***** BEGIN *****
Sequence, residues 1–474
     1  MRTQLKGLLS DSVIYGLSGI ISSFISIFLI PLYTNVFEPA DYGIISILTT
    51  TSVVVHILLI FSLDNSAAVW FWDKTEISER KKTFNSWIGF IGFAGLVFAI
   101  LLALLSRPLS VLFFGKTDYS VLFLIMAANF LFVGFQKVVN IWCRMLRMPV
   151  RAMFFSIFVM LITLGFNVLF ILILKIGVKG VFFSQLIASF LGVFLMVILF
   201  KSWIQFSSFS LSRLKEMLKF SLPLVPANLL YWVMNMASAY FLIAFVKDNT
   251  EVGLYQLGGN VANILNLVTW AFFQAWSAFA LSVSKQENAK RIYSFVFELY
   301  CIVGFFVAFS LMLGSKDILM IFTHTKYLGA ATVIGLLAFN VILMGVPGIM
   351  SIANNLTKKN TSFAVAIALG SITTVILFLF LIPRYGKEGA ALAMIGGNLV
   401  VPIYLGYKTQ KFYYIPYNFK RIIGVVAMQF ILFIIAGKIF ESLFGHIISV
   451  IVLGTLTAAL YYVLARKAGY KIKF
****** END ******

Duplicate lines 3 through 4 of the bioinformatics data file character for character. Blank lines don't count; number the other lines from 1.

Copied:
    51  TSVVVHILLI FSLDNSAAVW FWDKTEISER KKTFNSWIGF IGFAGLVFAI
   101  LLALLSRPLS VLFFGKTDYS VLFLIMAANF LFVGFQKVVN IWCRMLRMPV